New York Jewish Week – In a rickety Long Island City warehouse, accessible only by a footbridge that crosses under the Long Island Freeway, some 80,000 Yiddish books are stacked on shelves in a large, sun-drenched room that overlooks the Pulaski Bridge, Midtown Manhattan to the west and Downtown Brooklyn in the distance.
This is the CYCO Yiddish Book Center, whose roots date back to 1938, when it began as a space in Manhattan to provide Yiddish writers and readers with a safe haven, as anti-Semitism grew in Europe and the future of the language was forever changed.
Throughout its more than eight decades of operation, the Central Yiddish Cultural Organization was – and still is – a place of ideas, collaboration and celebration of all things Yiddish.
It’s not a bookstore, said Hy Wolfe, the Brooklyn-born Yiddish actor who runs the organization, but a book center, where New York can celebrate Yiddish culture, authors and artists. CYCO also operated as a publishing house for many years, with nearly 300 titles bearing its imprint.
But that whole story seemed in jeopardy last fall, when the Atran Foundation, which has funded CYCO through grants since 1956, decided to cut its allocation. Dianne Fischer, who had been president of the foundation for 23 years, retired and the current board decided that CYCO was not reaching enough people, or making enough money (only 3,000 to 5 $000 a year in book sales, according to Wolfe) to continue funding it in perpetuity.
Wolfe was able to secure more funding from the Azrieli Foundation, which has been CYCO’s other big supporter, but he knew time was running out. He needed to raise $30,000 to cover rent and maintenance for the year.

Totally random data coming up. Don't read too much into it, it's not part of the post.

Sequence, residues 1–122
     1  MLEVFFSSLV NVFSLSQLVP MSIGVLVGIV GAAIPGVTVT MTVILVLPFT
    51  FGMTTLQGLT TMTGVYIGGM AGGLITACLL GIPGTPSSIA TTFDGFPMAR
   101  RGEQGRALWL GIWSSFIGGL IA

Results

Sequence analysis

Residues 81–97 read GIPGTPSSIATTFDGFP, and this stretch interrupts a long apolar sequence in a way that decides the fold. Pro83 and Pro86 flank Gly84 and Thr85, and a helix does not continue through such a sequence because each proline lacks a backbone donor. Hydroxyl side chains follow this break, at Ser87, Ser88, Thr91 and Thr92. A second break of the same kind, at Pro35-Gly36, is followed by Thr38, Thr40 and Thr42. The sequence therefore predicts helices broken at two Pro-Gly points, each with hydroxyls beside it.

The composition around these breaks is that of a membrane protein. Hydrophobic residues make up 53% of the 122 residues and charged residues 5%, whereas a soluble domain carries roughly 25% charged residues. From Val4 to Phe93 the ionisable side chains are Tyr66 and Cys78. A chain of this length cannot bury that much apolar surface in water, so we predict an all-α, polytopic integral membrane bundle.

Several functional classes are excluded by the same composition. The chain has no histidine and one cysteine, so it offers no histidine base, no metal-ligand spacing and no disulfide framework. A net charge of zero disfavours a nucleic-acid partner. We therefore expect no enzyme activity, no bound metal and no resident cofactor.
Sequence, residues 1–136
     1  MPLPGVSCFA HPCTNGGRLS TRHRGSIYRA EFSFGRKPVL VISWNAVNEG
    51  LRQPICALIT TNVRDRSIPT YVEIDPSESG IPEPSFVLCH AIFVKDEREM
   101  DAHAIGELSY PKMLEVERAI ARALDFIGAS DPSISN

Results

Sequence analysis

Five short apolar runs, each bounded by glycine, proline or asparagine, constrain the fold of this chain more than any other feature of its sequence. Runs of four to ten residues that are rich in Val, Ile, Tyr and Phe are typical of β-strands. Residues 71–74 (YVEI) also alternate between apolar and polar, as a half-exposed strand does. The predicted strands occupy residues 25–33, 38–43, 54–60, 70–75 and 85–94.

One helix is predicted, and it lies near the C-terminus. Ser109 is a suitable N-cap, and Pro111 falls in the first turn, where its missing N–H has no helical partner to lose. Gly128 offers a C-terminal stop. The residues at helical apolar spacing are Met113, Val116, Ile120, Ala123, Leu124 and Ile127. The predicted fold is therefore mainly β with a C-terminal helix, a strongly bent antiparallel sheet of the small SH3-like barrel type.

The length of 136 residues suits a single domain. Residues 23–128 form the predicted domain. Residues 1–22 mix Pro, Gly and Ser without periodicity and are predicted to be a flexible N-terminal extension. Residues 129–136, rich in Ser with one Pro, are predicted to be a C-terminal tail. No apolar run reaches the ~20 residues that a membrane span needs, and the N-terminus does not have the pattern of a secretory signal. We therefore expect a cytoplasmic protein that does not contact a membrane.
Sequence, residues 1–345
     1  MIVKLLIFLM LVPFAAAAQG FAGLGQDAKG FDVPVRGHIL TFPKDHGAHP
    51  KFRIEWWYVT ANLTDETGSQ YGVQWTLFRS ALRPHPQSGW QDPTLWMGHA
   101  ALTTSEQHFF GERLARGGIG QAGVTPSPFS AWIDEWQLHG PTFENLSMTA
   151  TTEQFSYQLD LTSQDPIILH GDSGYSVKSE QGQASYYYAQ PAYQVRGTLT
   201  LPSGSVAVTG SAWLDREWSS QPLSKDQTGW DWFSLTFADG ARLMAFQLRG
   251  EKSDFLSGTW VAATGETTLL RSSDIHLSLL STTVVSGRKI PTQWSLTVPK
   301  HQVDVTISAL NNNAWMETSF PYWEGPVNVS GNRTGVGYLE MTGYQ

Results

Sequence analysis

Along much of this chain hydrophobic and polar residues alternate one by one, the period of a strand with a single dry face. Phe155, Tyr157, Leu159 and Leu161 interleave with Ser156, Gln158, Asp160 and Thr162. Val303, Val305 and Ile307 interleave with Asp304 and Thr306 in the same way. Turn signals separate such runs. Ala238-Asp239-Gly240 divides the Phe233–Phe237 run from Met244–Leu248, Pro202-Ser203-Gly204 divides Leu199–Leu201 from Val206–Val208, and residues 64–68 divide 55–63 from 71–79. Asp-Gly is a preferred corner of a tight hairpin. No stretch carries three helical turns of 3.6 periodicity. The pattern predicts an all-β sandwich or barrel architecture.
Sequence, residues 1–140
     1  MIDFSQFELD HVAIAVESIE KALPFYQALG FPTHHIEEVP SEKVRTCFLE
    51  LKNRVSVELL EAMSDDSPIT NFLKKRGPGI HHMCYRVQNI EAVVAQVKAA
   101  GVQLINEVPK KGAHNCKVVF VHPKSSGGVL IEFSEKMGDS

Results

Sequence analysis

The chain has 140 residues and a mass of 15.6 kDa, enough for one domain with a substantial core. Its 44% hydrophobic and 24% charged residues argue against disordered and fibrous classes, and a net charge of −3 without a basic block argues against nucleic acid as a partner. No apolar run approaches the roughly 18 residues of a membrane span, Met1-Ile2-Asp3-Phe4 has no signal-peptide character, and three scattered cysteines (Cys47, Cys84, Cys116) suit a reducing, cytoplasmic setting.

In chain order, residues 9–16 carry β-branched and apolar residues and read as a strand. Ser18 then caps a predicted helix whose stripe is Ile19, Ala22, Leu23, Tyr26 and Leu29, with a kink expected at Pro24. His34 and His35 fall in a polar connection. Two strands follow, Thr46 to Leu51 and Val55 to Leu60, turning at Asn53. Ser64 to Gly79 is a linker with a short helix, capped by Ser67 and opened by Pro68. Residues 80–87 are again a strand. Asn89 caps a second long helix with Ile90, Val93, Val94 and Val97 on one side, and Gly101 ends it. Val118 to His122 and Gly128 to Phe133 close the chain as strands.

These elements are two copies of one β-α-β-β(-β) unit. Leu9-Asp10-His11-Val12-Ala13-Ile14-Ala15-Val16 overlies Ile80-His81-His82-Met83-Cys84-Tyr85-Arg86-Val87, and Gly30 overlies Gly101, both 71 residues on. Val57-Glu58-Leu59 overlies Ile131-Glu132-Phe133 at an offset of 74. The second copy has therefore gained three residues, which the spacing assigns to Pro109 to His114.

“I am not a good businessman. It’s the truth. I will never ask anyone for money,” Wolfe said. “Many students arrive without money. I tell them, ‘When you are successful and you have a job, you have to remember your commitment to us and send us a donation.’ It’s who I am on a handshake.
The son of Holocaust survivors, Wolfe grew up surrounded by Yiddish and watched the language fade as the children and grandchildren of secular Yiddish speakers turned to English. Today, Yiddish is a first language—growing, too—only among Hasidic and Haredi Orthodox Jews in various New York neighborhoods.
“Small Yiddish organizations have come and gone by the hundreds, if not more,” Wolfe told New York Jewish Week. “The only ones that still exist today are the ones where they have stubborn old Jews like me.”
In addition to his acting career and serving on the boards of other Yiddish organizations, such as the Sholem Aleichem Cultural Center in the Bronx, Wolfe also worked for decades as a bartender at jazz clubs, another New York institution that he saw slowly disappear. For his work at CYCO, which he has been doing since the late 90s, he does not take a salary. He organizes events at the center, tries to catalog books and, above all, offers tea and good conversations to all Yiddish book lovers who make an appointment.
“We are open to everyone. We respect everyone,” Wolfe said. “There has been a large draw of queer, transgender and non-binary people. Before that, there were a large number of people disenchanted with religion. Before that, it was a big draw for those who were disenchanted with politics.